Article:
Broad Channel Bits
The snow came, drifting down in the early hours that tipped Friday night into last Saturday morning. And excited children bounced up to the window ledge on bare feet to see the powdery dusting and inch or so drifts. “I’m going to build a snowman and make snow angels and play with my friends in the snow and and and and …. !!!”
“Well, there may not be quite enough snow, sweetie.”
“No! No, there is! I’m going out!”
“Um, well let’s not forget your coat, sweetie. And shoes, let’s not forget those. And …”
Most of us groaned when we saw the snow coming down, as predicted, over Broad Channel and sighed when it stopped. Then the rain came and washed most of it away.
Still, even for a few hours the children were delighted. It’s true. Snow, and the world, are far different things when you’re five than when you’re, say, 50.
Coming up to the ramp to take the Cross Bay Bridge from Rockaway back into Broad Channel last Sunday, you might have seen what looked like a small party just to your right. With balloons and winter dress coats, suits and ties a group of civic, community and political leaders assembled at the base of the bridge, just to the left of the Bungalow Bar and Thai Rock restaurants and McDonalds. Representing both sides of the bridge they came to announce that the Cross Bay toll fight has just taken a giant step forward.
As you know from The Wave, the Cross Bay Bridge toll fight was literally front page news last week. To recap, from 1998 forward, residents of Broad Channel and the Rockaways with EZ Pass were granted a rebate by the MTA. Every trip toll over the bridge was instantly ‘rebated,’ thus making it free. Since 2010 we have been paying a reduced toll, now $1.19, for the first two crossings, usually on a round trip. Every trip after is ‘free.’ (The regular toll is $3.25 each way.)
Since being elected in November, Assemblyman Phillip Goldfeder has made eliminating the toll a prime issue. As Congressman Robert Turner explained in an earlier letter, “The Cross Bay Bridge is the only one of nine [toll] bridges operated by the MTA which is an intra-borough connection. Further, he stated, “there is no justification for residents of the Rockaways [and Broad Channel] to bear this unjust toll and I firmly oppose it.” These residents “should not be penalized for traveling within their own borough.”
On Sunday with media such as NY1 News in attendance, Assemblyman Goldfeder announced that Governor Cuomo’s proposed 2012 budget now includes a provision to reinstate the toll rebate. The Assemblyman, who worked with many other political leaders, as well as our own Channel civic leaders, advises he will continue on the road toward eliminating the toll all together once and for all.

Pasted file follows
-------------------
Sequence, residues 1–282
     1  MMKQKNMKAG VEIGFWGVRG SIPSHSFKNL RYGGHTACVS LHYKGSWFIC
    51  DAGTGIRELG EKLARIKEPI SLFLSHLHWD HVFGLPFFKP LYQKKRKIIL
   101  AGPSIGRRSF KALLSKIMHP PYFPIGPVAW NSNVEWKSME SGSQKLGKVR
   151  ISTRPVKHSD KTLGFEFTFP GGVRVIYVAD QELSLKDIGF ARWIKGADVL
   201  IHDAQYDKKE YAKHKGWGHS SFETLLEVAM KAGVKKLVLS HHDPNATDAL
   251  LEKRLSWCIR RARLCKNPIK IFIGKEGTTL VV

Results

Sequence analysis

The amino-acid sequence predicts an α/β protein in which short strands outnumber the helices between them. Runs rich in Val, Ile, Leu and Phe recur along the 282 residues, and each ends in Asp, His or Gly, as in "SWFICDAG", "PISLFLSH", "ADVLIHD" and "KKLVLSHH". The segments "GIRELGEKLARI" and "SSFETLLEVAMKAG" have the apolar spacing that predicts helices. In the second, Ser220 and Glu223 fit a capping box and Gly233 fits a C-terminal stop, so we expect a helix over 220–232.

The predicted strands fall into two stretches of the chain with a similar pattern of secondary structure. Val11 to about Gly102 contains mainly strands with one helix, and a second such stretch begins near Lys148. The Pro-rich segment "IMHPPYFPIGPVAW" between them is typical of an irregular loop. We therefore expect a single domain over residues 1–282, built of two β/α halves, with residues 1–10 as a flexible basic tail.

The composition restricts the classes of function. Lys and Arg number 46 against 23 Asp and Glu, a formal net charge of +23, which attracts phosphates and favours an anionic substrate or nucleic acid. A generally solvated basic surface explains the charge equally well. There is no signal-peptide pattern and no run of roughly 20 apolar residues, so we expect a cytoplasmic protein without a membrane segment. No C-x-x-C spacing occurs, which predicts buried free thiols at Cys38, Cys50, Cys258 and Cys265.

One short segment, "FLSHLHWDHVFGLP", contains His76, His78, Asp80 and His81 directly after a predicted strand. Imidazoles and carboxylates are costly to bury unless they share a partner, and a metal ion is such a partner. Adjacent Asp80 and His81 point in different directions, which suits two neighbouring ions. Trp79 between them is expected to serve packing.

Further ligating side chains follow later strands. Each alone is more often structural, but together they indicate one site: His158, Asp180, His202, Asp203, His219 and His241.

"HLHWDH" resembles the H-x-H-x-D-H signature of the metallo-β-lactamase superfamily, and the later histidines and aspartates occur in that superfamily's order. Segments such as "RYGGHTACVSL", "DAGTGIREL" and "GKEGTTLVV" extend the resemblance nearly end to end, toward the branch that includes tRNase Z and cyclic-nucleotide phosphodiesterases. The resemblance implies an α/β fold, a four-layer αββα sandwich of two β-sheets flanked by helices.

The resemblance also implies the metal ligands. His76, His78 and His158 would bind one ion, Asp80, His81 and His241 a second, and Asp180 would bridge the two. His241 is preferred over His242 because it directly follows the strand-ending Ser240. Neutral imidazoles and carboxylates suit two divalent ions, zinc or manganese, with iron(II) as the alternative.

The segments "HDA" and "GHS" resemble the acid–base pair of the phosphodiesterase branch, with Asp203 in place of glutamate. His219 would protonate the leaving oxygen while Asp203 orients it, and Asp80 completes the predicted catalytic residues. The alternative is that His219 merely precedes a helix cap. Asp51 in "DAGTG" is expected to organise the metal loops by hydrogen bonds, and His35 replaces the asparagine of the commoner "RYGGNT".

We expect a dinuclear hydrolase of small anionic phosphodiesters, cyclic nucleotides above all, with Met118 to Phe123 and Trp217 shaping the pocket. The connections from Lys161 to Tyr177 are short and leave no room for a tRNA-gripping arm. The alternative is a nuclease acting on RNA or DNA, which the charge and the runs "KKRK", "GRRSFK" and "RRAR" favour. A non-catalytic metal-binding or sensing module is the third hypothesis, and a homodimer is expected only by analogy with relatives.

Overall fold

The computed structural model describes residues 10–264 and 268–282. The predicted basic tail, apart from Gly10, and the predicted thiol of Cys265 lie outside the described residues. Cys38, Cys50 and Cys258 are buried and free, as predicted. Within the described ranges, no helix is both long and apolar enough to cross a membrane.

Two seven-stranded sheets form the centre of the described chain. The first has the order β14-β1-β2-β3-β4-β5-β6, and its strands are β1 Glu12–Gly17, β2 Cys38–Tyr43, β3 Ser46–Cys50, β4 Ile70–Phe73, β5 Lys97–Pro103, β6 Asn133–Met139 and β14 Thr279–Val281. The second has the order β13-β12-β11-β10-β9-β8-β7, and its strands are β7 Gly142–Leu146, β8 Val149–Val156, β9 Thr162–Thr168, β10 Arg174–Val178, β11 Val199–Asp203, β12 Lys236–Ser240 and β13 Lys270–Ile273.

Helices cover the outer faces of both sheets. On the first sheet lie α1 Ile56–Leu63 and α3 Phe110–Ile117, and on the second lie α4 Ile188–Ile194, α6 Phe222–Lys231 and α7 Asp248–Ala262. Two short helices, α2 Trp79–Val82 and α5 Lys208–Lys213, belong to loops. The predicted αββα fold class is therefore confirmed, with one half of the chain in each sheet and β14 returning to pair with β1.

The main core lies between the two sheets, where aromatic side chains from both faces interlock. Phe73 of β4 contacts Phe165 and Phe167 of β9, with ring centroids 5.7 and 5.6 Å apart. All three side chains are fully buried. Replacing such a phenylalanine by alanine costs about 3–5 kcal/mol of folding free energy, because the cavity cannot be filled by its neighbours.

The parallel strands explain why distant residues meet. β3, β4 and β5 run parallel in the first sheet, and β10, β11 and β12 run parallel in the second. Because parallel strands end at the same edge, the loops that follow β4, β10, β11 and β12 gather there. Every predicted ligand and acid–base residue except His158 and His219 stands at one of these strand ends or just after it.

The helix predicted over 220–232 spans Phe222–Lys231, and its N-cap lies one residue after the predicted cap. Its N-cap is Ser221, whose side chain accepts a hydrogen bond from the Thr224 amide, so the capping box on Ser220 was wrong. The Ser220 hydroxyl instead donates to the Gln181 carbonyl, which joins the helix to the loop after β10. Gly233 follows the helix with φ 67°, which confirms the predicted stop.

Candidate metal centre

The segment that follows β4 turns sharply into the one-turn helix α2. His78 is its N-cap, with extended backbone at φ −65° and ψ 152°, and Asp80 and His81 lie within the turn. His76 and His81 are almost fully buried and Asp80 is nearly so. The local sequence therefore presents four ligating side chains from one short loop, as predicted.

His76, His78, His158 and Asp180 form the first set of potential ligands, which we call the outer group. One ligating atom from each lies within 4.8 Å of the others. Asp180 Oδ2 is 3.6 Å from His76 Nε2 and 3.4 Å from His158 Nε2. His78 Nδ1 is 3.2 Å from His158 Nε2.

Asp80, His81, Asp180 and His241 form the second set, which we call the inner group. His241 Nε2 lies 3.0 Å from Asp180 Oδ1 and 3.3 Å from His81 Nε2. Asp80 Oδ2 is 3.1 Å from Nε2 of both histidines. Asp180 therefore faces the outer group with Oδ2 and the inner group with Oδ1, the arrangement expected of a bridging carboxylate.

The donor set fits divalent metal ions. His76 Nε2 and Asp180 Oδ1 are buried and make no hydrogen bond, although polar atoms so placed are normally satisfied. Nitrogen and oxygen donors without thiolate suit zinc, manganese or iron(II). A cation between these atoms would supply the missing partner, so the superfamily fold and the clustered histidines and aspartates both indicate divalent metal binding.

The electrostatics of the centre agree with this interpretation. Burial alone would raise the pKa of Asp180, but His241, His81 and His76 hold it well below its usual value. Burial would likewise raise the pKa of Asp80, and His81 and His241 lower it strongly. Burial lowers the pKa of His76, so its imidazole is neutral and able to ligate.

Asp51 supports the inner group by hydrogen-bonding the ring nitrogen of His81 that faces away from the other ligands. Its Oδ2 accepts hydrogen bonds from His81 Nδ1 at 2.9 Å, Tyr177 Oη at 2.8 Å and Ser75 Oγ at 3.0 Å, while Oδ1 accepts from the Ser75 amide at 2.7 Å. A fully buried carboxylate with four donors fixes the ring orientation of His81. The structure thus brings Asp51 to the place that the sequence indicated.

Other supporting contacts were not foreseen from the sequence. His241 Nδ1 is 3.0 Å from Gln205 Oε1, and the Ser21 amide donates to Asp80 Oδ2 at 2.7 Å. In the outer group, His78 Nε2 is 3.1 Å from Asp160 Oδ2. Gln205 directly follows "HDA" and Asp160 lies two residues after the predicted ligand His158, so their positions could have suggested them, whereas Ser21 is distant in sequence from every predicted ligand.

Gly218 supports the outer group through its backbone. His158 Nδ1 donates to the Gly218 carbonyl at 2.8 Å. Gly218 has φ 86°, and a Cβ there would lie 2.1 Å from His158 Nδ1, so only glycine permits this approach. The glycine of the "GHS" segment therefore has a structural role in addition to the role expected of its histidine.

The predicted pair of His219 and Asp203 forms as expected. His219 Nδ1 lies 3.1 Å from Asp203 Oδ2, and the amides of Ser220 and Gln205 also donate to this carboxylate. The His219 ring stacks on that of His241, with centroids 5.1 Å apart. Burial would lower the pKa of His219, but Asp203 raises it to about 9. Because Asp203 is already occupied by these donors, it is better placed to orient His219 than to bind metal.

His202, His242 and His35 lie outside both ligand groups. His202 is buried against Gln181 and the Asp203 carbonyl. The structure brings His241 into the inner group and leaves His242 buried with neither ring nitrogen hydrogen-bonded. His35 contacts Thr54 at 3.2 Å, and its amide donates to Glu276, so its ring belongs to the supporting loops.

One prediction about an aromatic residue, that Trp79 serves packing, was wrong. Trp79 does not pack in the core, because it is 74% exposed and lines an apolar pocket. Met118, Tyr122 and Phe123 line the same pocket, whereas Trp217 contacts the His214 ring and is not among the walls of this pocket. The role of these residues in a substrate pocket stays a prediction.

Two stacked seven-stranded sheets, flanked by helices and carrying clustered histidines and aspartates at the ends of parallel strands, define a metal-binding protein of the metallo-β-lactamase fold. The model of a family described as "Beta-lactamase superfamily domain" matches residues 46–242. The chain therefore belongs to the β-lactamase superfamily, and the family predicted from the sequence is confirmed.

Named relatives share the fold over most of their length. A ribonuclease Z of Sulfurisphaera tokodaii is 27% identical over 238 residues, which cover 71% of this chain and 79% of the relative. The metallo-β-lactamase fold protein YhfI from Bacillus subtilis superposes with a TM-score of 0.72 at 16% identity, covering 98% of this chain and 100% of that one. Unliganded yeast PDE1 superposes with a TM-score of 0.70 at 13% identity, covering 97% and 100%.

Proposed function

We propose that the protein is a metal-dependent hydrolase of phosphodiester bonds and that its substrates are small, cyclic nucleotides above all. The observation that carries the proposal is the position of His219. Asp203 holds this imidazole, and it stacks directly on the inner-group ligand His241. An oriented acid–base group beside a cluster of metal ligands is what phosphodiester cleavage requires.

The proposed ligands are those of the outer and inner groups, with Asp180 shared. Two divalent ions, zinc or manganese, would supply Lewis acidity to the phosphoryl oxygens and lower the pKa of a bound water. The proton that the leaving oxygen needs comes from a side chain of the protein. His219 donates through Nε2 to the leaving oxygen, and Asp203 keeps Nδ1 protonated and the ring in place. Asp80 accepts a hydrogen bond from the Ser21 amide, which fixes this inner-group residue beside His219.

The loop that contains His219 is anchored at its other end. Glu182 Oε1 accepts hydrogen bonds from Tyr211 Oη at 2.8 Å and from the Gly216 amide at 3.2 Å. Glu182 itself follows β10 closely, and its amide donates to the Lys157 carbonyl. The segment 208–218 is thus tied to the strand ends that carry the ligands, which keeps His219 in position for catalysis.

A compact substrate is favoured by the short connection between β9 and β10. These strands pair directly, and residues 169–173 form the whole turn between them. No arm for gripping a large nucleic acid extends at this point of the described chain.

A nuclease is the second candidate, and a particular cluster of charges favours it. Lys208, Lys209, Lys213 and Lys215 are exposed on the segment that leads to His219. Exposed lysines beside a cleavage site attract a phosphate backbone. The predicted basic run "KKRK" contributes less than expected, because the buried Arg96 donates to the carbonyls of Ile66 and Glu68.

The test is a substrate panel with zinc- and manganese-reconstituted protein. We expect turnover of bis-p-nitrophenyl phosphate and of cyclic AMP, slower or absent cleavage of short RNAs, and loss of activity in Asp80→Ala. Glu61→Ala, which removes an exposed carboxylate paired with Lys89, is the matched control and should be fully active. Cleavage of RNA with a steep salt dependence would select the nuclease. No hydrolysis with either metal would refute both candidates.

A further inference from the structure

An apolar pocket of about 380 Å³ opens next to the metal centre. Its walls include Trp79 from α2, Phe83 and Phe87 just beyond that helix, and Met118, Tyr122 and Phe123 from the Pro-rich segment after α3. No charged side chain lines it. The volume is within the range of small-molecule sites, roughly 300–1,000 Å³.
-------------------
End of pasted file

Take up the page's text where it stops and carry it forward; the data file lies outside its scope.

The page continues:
For all the people here who have worked so hard for so long, decades even, that day couldn’t come a minute too soon.
Library doings: Winter Craft comes to the Broad Channel Library on Friday, January 27 starting at 3:30 p.m. Kids ages 5 to 10 are invited to “come make a craft to celebrate Winter,” according to the Library. Supplies, as well as admission, are free and will be given out on a first come, first served basis.
On Monday, January 30 residents are invited to meet with Congressman Robert Turner’s senior caseworker, who will be available to field questions on issues relating to federal agencies. That will be from 1 to 3 p.m. at the BC Library.
The BCAC has just completed registration for Jamaica Bay Little League. Third-graders and up have been signed up for T-Ball, Pee-Wee Jr. and Sr. and Minor and Major Divisions. Spring can’t be far behind!
The white bicycle returns. Our neighbor Dorothy wrote not long ago asking after something we’d all been wondering about. What’s the story on the white bicycle positioned on the Cross Bay median strip at the northern tip of our island?
Last week I was pleased to get this reply.
“This is to let Dorothy on the corner know what the meaning of the white painted bicycle is when you drive into the Channel. These bicycles are memorials that are set up for bicyclists who were killed or hit on the street. You can find more about this at the website www.ghostbikes.org.”
My thanks to John and Lynda Bil for writing, and giving us all a true moment of remembrance as we pass that now riderless cycle every day.
“Bringing life back to the community,” as one parishioner commented, described the revitalization of the St. Virgilius lunch room exactly right. Touring the building before the official ribbon cutting was an eye opening experience. In one month drop ceilings were put in, fixtures, plumbing and electric outlets were replaced, floors were resurfaced and painted, walls were redone and new BC-themed murals, some by local artist Matt Smilardi, were everywhere. Even the chairs were repainted and made to look brand new. And all this came about through the volunteer labors of what Ms. Lori McKeon of the project called the “Leadership Group,” an organization “for people who want to give service.”
The building has been buzzing with activity, with volunteers sometimes working till midnight. While this group came from outside of Broad Channel to offer their time and talent, people in the neighborhood donated building supplies, pizza, cookies and dollars, too. Everything was donated and offered at no cost to the parish and our community. We aim, Ms. McKeon said, to “open hearts.”
Looking around at all that had been done and the swirl of working still going on that day, she reflected we “call ourselves ‘the miracle workers.’ ”
Come and see the finished product if you get the chance, and you’ll agree that says it all.
Thank you for starting a new year of reading this column.
Got BC news, events or organization information? Please send it direct to workingstories @aol.com or drop it in the right hand mailbox of 126 Noel Road.